Cdc6p is normally present at high levels during the G1 phase of the cell cycle. This is partly because the CDC6 gene is only transcribed during G1 phase. On the onset of the S phase, Cdc6p gets phosphorylated by the Cdc28-Clb5-Clb6 complex (Cdk1) and consequently becoming inactivated. This has been shown by introducing mutations in Cdc6p at the consensus sites for Cdk1 phosphorylation (near the N-terminus) which inhibit degradation. The phosphorylation can furthermore be catalyzed by Cdc28-Cln. The inactivated Cdc6p is then targeted for degradation by SCFCDC4-dependent ubiquitinylation and afterwards degraded by the proteosome. Thus, the regulation of Cdc6p is tightly correlated to the activity of Cdk1 and since Cdk1-activity is oscillating once per cell cycle, the accumulation and degradation of Cdc6p also oscillates.

Two states can be distinguished. In the first state (during G1 phase) Cdk1-activity is low, Cdc6p can accumulate, hence the pre-RC can be formed but not activated. In the second state Cdk1-activity is high, Cdc6p becomes inactivated, hence the pre-RC is activated but not formed. This change assures that DNA replication is performed only once per cell cycle. It has been shown that overexpression of Cdc6p does not induce re-replication in cognate cells, probably due to inhibition through CDK that resets the cell cycle clock to G1. Nevertheless it has been suggested that regulation of Cdc6p is one of several redundant mechanisms that prevent re-replication of the DNA in eukaryotic cells.[8]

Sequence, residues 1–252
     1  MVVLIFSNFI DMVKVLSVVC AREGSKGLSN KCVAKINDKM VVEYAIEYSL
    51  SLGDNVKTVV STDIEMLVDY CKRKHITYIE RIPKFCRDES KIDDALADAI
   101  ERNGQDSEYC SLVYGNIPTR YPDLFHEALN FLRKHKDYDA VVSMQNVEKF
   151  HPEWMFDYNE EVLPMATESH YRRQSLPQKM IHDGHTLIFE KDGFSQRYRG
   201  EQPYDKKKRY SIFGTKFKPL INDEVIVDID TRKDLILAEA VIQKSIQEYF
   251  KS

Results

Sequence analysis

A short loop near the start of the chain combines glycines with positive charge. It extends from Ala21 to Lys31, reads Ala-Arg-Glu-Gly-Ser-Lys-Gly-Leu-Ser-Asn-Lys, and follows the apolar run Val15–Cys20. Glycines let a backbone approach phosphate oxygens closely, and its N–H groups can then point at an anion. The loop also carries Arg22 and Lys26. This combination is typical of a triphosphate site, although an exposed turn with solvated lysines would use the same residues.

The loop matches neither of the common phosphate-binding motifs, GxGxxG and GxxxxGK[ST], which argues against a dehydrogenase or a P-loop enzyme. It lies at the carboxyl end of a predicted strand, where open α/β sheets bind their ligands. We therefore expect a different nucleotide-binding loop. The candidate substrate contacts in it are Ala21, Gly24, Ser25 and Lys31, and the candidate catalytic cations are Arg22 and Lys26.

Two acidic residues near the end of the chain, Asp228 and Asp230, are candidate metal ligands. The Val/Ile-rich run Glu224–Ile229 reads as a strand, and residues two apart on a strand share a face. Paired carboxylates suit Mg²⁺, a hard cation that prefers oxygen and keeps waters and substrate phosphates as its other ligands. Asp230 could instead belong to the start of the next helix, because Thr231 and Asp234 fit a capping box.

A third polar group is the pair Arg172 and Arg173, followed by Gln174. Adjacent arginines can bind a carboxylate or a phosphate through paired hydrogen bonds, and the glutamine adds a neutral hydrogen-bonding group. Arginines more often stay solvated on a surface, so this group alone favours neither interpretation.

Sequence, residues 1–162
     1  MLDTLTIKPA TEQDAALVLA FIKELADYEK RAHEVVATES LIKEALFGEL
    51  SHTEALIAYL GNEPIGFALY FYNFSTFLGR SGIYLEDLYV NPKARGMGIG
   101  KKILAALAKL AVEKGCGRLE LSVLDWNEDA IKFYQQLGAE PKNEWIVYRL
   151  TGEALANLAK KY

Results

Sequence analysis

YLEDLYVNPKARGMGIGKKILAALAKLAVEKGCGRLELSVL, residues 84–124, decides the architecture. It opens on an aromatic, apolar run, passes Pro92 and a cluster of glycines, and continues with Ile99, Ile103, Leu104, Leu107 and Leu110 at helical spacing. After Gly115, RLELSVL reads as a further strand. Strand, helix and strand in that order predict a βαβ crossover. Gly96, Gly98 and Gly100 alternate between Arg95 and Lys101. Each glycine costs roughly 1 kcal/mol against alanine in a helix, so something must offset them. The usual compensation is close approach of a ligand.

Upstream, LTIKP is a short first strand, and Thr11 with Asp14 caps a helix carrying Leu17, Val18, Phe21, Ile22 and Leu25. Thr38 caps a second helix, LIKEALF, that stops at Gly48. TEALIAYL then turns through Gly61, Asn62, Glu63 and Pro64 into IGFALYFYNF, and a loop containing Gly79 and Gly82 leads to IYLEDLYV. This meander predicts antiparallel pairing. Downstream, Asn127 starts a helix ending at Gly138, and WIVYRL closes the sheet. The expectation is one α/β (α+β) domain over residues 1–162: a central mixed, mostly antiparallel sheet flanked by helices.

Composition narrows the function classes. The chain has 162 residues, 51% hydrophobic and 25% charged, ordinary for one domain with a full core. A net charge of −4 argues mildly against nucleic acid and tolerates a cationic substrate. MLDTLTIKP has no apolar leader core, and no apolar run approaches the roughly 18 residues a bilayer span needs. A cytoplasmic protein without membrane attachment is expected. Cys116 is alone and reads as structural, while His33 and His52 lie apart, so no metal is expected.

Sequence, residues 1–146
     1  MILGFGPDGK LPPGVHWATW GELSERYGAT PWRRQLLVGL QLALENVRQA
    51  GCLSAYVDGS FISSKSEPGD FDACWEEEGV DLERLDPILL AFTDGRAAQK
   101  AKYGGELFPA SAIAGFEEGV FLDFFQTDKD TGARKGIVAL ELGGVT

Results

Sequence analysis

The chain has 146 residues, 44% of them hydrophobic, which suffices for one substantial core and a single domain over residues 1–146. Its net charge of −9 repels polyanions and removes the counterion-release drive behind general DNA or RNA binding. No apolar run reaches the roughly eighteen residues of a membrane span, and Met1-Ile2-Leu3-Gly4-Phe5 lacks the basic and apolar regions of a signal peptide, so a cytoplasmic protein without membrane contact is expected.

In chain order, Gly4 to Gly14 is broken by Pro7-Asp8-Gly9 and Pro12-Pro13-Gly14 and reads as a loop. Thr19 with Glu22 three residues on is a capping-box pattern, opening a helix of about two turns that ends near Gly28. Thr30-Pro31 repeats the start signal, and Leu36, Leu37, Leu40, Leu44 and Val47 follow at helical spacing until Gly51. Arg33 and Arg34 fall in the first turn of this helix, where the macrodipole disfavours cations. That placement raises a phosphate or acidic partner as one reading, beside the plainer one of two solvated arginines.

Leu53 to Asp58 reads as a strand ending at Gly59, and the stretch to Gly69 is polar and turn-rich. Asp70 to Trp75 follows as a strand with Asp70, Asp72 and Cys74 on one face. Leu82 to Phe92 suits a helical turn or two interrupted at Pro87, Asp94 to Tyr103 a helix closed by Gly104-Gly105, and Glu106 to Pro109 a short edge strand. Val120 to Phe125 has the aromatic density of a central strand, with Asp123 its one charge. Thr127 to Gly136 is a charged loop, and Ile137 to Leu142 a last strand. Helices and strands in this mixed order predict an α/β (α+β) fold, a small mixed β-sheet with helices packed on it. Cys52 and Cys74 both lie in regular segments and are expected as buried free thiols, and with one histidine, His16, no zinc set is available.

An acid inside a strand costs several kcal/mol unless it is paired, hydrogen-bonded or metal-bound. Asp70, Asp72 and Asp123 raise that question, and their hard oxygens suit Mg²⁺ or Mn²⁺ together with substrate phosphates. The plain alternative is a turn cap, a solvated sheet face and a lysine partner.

Crystal Structure of CDC6p from Pyrobaculum aerophilum. Domain I in green, domain II in blue and domain III in red. Beta-sheets are shown in orange.